McChrystal: What is it about the culture in Dagestan that makes a word like “feminism” such a dirty word?

Magomedov: It is definitely a dirty word in Dagestan, especially for men. This is a patriarchal society. The culture is that a women’s place is the kitchen. She should just look after the children and be a housewife. Anyone writing about women’s rights is seen as an enemy. The word “feminist” is a dirty word in Russian, but in Dagestan it is especially negative. But I have no problem with calling myself a feminist.

McChrystal: Your investigation into FGM last year went a long way to breaking the silence around the practice by fostering a nation-wide debate. This must make you very proud. What other investigations are you proud of in the last year?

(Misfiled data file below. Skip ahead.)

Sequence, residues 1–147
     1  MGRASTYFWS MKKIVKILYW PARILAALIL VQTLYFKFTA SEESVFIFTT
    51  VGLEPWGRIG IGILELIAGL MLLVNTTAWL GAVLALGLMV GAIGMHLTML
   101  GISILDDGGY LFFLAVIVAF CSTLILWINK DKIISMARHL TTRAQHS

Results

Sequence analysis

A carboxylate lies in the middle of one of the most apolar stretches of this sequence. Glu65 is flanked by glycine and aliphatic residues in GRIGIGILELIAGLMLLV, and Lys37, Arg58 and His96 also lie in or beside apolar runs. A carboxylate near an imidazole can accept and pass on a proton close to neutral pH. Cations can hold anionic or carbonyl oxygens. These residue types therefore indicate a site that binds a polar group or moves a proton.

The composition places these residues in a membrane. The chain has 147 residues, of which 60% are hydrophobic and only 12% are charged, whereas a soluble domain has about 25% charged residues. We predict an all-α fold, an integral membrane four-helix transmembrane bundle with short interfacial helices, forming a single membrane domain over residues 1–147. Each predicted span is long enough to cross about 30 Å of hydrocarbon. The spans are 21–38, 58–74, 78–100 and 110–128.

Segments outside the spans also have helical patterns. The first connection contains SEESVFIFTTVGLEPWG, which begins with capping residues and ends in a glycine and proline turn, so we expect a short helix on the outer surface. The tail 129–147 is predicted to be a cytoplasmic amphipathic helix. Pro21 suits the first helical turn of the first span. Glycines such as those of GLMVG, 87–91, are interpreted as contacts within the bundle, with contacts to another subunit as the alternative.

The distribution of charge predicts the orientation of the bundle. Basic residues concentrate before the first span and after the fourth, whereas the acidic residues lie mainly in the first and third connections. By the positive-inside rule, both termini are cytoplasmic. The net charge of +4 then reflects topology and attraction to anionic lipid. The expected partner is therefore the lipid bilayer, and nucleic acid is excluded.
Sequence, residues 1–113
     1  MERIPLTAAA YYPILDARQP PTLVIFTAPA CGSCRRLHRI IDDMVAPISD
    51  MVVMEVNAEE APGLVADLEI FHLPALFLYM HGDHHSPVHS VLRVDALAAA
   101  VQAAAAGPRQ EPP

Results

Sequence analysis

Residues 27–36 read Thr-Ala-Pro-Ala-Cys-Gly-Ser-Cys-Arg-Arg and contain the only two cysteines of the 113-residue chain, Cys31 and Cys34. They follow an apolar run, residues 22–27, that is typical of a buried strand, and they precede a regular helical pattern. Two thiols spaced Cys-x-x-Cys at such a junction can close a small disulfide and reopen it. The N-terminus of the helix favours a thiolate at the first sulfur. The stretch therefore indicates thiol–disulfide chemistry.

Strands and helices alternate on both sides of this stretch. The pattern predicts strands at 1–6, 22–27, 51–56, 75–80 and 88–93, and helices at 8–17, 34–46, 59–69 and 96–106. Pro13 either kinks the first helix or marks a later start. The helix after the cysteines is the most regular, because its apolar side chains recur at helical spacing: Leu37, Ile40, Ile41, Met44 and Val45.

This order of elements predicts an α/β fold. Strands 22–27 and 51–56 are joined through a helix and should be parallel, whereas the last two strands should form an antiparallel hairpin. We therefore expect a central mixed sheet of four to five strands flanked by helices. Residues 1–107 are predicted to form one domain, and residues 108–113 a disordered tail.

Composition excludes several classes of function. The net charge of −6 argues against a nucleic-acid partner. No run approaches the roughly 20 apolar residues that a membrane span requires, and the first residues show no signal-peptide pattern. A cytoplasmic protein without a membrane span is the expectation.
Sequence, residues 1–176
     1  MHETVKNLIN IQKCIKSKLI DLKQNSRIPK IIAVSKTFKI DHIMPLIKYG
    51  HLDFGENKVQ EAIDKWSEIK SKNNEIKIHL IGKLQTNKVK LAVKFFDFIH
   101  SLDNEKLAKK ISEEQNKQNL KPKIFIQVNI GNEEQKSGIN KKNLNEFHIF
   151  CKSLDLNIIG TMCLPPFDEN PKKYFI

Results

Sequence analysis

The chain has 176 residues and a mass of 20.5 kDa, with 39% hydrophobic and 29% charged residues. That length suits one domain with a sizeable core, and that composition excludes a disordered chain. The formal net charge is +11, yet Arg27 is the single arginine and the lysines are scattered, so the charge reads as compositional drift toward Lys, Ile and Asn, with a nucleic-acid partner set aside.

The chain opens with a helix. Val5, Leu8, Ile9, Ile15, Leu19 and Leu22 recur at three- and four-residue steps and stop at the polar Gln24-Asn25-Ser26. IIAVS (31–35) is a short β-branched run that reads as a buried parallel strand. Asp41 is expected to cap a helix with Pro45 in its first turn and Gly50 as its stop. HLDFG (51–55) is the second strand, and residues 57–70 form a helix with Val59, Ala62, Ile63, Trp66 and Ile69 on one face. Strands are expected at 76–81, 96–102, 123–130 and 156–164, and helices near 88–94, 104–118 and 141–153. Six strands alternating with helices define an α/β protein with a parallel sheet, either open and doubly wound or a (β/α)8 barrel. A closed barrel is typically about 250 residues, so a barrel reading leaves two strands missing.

Magomedov: The generation gap among Chechens means that a lot of older relatives don’t like the behaviour of their children. They don’t it like when Chechen girls have dates or are meeting with guys, especially if they aren’t Chechen guys. It all brings shame on that person. There have been a few situations where parents take their girls and kill them. We are currently investigating these cases. We worked with an expert in Chechnya on this issue.

We also cover dress codes in Chechnya, because officials there want girls to wear the hijab. We wrote about divorce in the region and one story in particular where one murdered woman’s sister wasn’t able to get justice for her in court.